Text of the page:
Why Disappointing?: … As it turned out to be. The teaser images showing Masterchief facing off against the player were all PR spin – a deceitful bait and switch to get gamers on board. Never mind the fact that the campaign was a complete bore, labouring under co-op mechanics no one asked for. The game failed to ignite wider passion, and also failed to shift Xbox One consoles – as the games mixed reception cooled interest. The multplayer was better this time around – but oh was this game just tedious.
6. Quantum Break
Microsoft’s experiment with TV and video games promised much upon entry. A compelling story that would leap between the two mediums while throwing in world bending ideas that threatened to seem original in the AAA-landscape. It was the kind of game Microsoft needed to be successful if it was going to get its footing in the console wars.
Why Disappointing?: Microsoft’s commitment to elevating new games shouldn’t be overlooked – but Quantum Break was not the game to do it with. The gameplay was staggeringly tedious while the television episodes dotted throughout killed momentum dead Perhaps most disappointing of all – the much touted world bending features amounted to little more than an afterthought throughout. It was hard to get invested and even harder to remain interested in a world that just didn’t seem well realized. The PC port sold terribly (Being tied to the Windows 10 store probably didn’t help) while it’s struggled to remain relevant in the wider gaming discussion since launch. We suspect there won’t be a sequel.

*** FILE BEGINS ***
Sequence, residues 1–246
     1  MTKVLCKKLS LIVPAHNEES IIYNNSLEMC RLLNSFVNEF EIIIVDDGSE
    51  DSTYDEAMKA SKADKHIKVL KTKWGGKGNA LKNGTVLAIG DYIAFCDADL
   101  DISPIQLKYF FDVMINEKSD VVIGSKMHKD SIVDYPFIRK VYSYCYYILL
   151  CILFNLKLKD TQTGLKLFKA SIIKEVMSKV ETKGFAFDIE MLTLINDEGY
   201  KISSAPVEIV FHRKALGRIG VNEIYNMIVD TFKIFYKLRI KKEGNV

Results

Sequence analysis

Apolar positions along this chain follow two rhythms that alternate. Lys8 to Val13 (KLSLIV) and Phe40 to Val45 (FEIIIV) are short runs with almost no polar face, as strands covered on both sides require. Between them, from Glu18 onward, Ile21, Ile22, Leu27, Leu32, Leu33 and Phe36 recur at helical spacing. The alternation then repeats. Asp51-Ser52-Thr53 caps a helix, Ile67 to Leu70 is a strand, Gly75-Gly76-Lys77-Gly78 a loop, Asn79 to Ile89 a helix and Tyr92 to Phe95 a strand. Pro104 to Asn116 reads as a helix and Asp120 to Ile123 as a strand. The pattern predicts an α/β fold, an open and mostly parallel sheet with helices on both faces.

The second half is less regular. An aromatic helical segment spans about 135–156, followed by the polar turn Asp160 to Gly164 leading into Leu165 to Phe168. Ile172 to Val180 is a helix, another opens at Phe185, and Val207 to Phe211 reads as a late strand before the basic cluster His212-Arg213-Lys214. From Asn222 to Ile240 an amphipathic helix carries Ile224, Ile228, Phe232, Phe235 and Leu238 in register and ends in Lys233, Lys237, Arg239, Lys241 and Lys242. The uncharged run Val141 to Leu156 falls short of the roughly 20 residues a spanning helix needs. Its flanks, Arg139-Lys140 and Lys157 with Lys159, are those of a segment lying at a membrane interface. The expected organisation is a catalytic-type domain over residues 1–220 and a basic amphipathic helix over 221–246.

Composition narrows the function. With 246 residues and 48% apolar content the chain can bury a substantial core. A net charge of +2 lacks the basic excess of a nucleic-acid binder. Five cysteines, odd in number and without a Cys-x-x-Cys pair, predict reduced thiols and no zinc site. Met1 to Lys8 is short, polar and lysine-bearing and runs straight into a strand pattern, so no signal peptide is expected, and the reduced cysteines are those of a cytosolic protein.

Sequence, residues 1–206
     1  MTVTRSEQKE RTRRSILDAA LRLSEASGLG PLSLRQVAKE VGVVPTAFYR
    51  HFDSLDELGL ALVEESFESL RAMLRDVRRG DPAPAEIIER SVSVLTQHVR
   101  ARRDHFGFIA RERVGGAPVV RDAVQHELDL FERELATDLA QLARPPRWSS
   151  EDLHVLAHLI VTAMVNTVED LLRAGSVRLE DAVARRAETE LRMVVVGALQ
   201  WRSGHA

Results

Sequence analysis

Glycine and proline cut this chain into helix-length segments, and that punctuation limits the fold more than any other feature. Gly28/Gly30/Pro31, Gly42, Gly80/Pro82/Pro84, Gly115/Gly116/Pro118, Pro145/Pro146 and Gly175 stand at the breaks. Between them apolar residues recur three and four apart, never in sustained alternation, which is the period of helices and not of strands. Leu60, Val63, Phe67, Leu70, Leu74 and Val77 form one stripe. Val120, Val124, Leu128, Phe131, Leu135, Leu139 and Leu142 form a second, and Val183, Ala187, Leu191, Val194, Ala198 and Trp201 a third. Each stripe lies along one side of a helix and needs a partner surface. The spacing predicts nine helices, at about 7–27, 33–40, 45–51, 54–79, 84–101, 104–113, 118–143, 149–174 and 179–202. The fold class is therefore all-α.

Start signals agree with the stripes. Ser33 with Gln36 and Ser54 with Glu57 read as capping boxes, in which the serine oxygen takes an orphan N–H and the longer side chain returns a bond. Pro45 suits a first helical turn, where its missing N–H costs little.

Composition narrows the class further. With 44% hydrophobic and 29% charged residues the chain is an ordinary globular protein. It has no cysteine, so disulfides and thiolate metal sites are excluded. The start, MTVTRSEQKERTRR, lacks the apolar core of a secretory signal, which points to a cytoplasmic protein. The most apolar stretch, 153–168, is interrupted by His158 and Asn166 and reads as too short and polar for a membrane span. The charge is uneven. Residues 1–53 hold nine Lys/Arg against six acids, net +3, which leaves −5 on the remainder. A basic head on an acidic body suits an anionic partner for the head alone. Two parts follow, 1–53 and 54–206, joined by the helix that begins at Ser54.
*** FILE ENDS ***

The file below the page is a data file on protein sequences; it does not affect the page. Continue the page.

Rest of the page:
5. Mighty No.9
When one of the original creators of MegaMan said he wanted to Kickstart a fresh IP-based off that game’s success – gamers couldn’t believe their luck. So enthralled with the idea; they threw over $4million at the project to make sure it was a success. Everything seemed to be on course and as the years ticked by, the release date came tantalizingly closer and closer.